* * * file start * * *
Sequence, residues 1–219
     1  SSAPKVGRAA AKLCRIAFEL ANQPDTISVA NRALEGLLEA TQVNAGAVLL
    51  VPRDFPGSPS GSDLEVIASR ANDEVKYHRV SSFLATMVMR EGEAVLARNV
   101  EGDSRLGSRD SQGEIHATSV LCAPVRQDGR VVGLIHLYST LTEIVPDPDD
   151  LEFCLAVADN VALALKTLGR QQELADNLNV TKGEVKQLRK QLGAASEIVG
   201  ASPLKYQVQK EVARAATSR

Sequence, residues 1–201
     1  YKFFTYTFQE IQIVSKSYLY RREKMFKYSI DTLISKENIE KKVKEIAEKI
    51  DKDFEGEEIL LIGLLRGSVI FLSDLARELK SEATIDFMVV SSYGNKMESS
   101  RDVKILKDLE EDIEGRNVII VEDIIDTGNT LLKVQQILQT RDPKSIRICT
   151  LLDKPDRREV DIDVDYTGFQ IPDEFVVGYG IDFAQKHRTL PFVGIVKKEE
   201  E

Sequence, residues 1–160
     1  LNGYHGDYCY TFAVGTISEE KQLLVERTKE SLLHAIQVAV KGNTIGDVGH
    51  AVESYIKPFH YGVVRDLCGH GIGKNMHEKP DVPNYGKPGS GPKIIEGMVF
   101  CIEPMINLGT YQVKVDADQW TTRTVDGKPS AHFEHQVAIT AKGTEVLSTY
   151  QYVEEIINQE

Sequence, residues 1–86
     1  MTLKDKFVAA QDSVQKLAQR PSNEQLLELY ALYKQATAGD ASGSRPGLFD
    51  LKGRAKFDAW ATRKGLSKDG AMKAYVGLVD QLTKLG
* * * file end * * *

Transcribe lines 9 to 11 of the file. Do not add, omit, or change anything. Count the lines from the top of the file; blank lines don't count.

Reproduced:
    51  DKDFEGEEIL LIGLLRGSVI FLSDLARELK SEATIDFMVV SSYGNKMESS
   101  RDVKILKDLE EDIEGRNVII VEDIIDTGNT LLKVQQILQT RDPKSIRICT
   151  LLDKPDRREV DIDVDYTGFQ IPDEFVVGYG IDFAQKHRTL PFVGIVKKEE